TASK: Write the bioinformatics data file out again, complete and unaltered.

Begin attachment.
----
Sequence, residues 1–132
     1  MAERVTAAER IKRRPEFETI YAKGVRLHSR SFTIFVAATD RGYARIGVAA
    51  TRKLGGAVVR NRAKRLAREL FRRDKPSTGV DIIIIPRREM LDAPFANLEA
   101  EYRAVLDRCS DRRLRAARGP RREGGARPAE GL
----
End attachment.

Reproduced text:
Sequence, residues 1–132
     1  MAERVTAAER IKRRPEFETI YAKGVRLHSR SFTIFVAATD RGYARIGVAA
    51  TRKLGGAVVR NRAKRLAREL FRRDKPSTGV DIIIIPRREM LDAPFANLEA
   101  EYRAVLDRCS DRRLRAARGP RREGGARPAE GL